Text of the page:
Evaluation 2015: Exemplary Evaluations in a Multicultural World

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Embracing Context through Culturally Responsive Evaluation—Strategies and Lessons Learned

Session Number: ICCE2
Track: International and Cross Cultural Evaluation
Session Type: Multipaper
Session Chair: Jan Middendorf [National Science Foundation (NSF)]
Presenter 1: Sarah Stawiski [Center for Creative Leadership]
Presenter 2: Susan Claire Connors [University of Colorado Denver]
Presenter 3: Tahira Hoke [Prince Sultan University, College for Women]
Presentation 2 Additional Author: Amelia Challender [Sr Evaluation Specialist - University of Colorado Denver]
Presentation 3 Additional Author: Danielle Stoermer Niedermaier [Feed the Future Evaluation Specialist - Peace Corps]
Time: Nov 14, 2015 (08:00 AM - 09:30 AM)
Room: Columbian

Abstract 1 Title: The Global Citizen Leaders Program—Successful Evaluation through Culturally Responsive Practices
Presentation Abstract 1: The Global Citizen Leaders Program is a leadership and innovation program for graduate level business students at two institutions in India. The goals of the program are to enhance the capability of India's next generation of business leaders by developing leadership skills, building innovation and problem-solving skills and creating connections with local businesses, and communities. The purpose of this paper is to discuss the strategies and approaches for taking account the cultural context of the program in the evaluation, as well as the successes of the evaluation that resulted in doing so. Examples include paying particular attention to dynamics of power and authority, understanding multiple social identities and engaging with humility and curiosity. The paper will connect these examples to the AEA Public Statement on Cultural Competence in Evaluation as well as the growing literature on culturally competent evaluations.
Abstract 2 Title: International Evaluator Exchanges—Building Evaluator Competence and Cultural Awareness
Presentation Abstract 2: To foster cultural understanding and enhance communication, evaluators from the University of Colorado Denver and from the University of Zimbabwe developed an international evaluator exchange during the process of evaluating a five-year grant. Reciprocal visits resulted in a meaningful evaluation and in the mutual development of evaluation capacity. Both the theory underlying this approach and a description of the experiences that were found most useful to building evaluator competence and cultural awareness will be shared.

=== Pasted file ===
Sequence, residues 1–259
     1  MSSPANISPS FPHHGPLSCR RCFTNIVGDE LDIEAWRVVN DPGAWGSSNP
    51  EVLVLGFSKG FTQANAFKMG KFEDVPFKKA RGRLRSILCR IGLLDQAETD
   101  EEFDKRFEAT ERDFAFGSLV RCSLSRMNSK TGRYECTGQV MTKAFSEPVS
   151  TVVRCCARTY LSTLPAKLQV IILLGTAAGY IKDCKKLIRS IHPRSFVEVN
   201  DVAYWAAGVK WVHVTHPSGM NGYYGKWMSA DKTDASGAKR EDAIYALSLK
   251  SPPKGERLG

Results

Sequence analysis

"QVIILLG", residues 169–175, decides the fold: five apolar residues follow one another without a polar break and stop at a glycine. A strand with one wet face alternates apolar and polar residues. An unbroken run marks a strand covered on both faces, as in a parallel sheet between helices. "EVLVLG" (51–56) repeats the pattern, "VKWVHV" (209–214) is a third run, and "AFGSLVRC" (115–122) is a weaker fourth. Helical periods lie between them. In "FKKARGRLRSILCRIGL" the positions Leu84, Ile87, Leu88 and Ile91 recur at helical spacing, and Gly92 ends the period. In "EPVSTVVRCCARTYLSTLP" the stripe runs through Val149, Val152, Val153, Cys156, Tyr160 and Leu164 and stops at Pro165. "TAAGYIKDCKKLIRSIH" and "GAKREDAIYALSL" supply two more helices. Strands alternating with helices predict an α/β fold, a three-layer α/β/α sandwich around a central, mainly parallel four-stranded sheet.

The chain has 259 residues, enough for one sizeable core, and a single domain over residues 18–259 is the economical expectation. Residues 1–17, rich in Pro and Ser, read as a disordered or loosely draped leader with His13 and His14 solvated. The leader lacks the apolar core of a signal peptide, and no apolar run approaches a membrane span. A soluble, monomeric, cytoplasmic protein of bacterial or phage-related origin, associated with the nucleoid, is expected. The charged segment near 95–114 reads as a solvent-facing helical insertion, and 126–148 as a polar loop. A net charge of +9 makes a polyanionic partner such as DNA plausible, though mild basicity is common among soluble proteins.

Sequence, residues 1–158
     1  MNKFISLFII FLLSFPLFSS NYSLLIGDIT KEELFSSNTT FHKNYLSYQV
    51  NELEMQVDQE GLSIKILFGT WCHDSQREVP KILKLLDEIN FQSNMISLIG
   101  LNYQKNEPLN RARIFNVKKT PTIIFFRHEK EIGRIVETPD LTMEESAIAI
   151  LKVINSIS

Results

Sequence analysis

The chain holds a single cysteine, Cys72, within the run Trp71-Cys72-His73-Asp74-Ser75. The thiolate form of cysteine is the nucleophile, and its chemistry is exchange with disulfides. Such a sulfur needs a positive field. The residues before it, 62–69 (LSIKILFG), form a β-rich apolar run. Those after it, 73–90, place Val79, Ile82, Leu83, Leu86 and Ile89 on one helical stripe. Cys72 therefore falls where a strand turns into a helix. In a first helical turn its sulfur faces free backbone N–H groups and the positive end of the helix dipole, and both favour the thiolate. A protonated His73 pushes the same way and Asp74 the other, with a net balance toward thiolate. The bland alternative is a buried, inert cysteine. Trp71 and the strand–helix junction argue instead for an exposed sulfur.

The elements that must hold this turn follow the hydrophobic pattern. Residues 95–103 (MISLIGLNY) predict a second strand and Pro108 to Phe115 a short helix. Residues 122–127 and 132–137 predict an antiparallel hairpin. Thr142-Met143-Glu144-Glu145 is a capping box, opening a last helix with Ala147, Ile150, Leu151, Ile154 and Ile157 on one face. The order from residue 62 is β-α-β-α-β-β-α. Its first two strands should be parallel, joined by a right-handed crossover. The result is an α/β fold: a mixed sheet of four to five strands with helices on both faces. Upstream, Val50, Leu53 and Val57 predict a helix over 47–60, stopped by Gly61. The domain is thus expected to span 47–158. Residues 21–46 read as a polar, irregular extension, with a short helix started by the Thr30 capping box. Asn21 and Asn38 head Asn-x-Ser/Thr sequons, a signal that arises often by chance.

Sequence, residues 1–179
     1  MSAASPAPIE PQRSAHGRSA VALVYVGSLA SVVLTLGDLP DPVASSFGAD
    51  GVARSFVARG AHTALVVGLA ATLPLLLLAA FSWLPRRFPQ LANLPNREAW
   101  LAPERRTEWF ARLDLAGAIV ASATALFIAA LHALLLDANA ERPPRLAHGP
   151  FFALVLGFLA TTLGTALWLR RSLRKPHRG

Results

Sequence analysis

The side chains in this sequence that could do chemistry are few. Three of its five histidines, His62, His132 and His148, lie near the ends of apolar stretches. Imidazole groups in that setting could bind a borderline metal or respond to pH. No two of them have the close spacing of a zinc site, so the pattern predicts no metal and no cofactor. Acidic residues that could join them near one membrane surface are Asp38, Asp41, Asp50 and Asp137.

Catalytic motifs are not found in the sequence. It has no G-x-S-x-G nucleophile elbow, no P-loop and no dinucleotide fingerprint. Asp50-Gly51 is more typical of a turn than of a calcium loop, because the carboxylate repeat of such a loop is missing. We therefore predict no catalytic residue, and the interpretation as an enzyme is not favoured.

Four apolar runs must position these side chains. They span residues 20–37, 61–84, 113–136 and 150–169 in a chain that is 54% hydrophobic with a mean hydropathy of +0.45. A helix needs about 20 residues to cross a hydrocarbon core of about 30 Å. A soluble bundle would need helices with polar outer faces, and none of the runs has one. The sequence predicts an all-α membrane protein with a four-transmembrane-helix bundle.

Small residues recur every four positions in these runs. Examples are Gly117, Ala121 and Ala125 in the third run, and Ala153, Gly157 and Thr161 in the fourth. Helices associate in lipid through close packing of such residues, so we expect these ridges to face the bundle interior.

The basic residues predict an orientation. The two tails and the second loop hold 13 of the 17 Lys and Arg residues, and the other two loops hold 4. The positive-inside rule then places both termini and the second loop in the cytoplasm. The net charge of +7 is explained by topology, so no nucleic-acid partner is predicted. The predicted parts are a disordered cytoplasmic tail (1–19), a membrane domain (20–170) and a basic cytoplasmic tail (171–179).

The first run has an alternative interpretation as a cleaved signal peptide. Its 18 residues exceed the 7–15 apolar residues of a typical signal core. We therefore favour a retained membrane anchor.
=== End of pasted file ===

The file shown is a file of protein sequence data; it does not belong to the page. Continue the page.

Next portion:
Abstract 3 Title: Making the Journey—Cultural Responsive Evaluation for the Middle East
Presentation Abstract 3: Have you ever evaluated a program implemented in a tent? According to Yarbarough, Shulha, Hopson, and Caruthers (2011), evaluators should take into account the needs, expectations, and cultural contexts of clients and other stakeholders (p.112). From extracting evidence from managers trained in an oratorical culture to translating technical jargon into the Arabic language, this study will explore cultural response evaluation strategies used by AEA members working in higher education institutions located in the Middle East. Thereafter, emerging themes from interviews and surveys will be linked to solutions provided in the Program Evaluation Standards (2011). Overall, this study will yield valuable insights on the knowledge, experiences, and tools that an evaluator should have before using an American tent in the Middle East.

Yarbrough, D. B., Shulha, L. M., Hopson, R. K., Caruthers, F. A. (2011). The Program Evaluation Standards: A Guide for evaluators and Evaluation Users. SAGE Publications: Thousand Oaks, California.
Abstract 4 Title: Multicultural Process Evaluation of a Peace Corps Program in Senegal, West Africa
Presentation Abstract 4: Agriculture comprises 15% of the GDP and 78% of the jobs in Senegal, West Africa. Peace Corps has been working to develop the Senegalese agriculture sector for over 50 years. In 2010, in collaboration with USAID and with funding through Feed the Future, Peace Corps started the Master Farmer Program. The purpose of the program is to develop local agriculture demonstration sites (Master Farms) and lifelong local extension agents (Master Farmers). In 2013-14, a Peace Corps evaluation team comprised of American and Senegalese staff conducted a process evaluation to assess the program's progress in achieving its overall goal of promoting the adoption of improved agricultural technologies. The team utilized Google Nexus 7 tablets and DataWinners software to conduct nearly 200 interviews in three local languages with farmers who participated in an extension event hosted by a Master Farmer. Over 70% of farmers interviewed described applying at least one improved technology.
Presentation 4 Other Authors: Gregory Yeich, Danielle Stoermer, and Jane Gore
Audience Level: None

Session Abstract: 

Embracing Context through Culturally Responsive Evaluation—Strategies and Lessons Learned



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